The Children's Hour

Lillian Hellman
Royal Exchange Theatre, Manchester
(2008)

Newly-appointed artistic director Sarah Frankcom (joining other current artistic directors Greg Hersov and founder Braham Murray) has revived Lillian Hellman's great but controversial 1934 debut play The Children's Hour.

Karen Wright and Martha Dobie have worked hard to establish their small private boarding school for girls, and now that everything is starting to run smoothly, Karen is planning her wedding to Dr Joseph Cardin. However when they punish pupil Mary Tilford, a compulsive liar and a manipulative bully, she concocts a story to her grandma about the two female teachers having a sexual affair. Mrs Tilford pulls Mary out of school and telephones all of the parents to tell them to do the same, and she will not be persuaded that Mary's story is false.

Whilst the alleged homosexual affair itself is not as shocking as it would have been in 1934, the play still works very powerfully as a tale of injustice that makes you want to shout out at the characters not to be so stupid and stubborn. This is helped by some powerful performances from the actors. June Watson gives a wonderful performance as Mrs Tilford, showing her as caring and intelligent before she commits the act that destroys Karen and Martha and never falling back on a two-dimensional portrayal of stubbornness and intolerance.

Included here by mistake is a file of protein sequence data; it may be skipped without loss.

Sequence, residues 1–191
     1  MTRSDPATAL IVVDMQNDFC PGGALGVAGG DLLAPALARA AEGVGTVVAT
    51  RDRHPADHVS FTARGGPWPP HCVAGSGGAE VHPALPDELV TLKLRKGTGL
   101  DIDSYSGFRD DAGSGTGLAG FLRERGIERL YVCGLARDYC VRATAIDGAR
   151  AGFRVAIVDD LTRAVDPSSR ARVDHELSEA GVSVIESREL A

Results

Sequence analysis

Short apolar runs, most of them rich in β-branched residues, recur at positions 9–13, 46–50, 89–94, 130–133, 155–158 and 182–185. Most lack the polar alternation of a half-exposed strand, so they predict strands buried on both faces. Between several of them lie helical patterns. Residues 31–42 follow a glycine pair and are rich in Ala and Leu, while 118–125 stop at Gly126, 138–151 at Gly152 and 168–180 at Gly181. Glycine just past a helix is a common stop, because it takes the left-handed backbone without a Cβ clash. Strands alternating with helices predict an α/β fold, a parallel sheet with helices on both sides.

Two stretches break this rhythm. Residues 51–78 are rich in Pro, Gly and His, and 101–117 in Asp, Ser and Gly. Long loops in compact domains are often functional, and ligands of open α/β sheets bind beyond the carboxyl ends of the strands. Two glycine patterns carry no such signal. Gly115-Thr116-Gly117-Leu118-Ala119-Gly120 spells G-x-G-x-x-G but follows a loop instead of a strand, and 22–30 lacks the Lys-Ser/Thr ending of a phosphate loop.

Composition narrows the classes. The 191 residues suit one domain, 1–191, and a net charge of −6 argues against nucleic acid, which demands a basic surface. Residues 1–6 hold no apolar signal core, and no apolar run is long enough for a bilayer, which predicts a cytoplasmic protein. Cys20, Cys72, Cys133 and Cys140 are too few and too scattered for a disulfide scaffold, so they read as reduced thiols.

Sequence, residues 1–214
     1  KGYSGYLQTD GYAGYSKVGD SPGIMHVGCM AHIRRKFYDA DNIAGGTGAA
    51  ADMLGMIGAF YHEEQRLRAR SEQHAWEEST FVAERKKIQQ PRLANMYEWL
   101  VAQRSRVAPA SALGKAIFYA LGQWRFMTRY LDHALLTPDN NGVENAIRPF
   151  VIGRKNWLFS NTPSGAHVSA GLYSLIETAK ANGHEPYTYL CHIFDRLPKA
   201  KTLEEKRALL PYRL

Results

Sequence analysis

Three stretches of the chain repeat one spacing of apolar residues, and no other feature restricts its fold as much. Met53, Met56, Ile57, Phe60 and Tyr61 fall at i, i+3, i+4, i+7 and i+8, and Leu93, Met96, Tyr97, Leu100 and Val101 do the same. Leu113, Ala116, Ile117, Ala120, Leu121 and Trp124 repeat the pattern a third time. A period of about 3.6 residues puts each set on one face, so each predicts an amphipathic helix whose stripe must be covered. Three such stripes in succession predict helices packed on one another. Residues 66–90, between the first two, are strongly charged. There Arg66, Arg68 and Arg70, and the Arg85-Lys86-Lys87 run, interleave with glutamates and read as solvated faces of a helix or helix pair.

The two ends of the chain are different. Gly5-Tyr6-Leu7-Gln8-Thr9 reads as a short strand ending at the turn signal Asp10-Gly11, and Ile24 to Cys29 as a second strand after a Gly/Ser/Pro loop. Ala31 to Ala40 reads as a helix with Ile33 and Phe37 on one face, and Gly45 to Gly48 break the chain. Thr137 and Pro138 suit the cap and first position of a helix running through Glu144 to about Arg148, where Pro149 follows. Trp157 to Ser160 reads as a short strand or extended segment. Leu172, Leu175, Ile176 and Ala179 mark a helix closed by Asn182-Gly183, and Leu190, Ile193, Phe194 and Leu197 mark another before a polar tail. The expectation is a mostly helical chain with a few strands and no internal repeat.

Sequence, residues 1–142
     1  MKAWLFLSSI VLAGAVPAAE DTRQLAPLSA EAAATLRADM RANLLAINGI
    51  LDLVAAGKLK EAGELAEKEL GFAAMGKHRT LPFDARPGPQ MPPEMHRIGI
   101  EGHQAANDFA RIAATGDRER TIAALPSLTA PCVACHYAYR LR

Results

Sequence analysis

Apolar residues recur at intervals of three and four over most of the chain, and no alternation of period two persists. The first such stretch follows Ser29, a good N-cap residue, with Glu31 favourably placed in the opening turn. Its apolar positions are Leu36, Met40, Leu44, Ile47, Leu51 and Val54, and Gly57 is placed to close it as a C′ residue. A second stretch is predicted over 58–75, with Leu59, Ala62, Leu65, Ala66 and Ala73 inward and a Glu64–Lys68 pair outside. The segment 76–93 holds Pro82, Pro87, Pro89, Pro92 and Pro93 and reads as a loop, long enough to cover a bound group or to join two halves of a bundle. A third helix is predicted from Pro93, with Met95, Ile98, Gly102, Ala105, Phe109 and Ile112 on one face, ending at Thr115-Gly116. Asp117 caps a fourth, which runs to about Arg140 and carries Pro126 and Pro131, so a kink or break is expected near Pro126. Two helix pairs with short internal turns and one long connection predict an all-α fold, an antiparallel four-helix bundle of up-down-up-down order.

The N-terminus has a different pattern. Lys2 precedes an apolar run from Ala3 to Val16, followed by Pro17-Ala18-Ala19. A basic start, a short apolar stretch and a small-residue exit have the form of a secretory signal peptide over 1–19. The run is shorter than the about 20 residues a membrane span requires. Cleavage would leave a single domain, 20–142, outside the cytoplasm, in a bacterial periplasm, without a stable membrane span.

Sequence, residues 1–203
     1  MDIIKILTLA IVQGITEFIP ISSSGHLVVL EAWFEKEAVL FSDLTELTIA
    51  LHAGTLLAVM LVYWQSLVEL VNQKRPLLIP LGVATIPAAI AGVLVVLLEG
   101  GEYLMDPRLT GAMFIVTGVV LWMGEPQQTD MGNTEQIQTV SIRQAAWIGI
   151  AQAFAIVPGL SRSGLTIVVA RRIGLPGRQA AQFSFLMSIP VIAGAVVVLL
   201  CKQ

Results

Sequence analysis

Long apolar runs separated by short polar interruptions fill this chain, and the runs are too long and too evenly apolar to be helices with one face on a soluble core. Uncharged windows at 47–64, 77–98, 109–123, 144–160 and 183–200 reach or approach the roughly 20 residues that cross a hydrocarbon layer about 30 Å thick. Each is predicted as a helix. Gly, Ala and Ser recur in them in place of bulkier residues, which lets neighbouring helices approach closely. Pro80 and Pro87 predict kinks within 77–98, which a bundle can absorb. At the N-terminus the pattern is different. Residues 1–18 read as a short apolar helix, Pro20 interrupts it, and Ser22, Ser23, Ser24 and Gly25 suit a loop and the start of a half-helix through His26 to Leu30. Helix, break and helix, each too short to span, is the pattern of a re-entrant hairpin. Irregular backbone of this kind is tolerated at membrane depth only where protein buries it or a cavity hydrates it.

Charlotte Emmerson is superb as Martha, ably supported by Maxine Peake as Karen, and there is a warm but subtle portrayal of Dr Joe by Milo Twomey. Kate O'Flynn certainly gets across the spit personality of Mary, with quite a convincing sweet but dim face to the adults and a nasty, vindictive bullying side to the other girls when she doesn't get her way, which perhaps occasionally strays 'over the top'.

Liz Ascroft's set is based around a a map of the world set into a wooden floor, the upper level of which revolves between scenes, with a ceiling of concentric tubes that look like they are made from textured paper. Scene changes are choreographed to music and carried out by the cast, who also sit around and watch some of the scenes they are not in as part of the audience.

Both halves of the play begin in quite a lively way and then lose pace towards the end. This is particularly marked in the second act, where the last scene is delivered at such a tediously slow pace without variation that it starts to feel like an endurance test long before the end comes. This is such a shame, as there is so much in the play that is quite compelling, it is a pity to leave the audience feeling tired at the end. Hopefully this will pick up to some extent during the run.

David Chadderton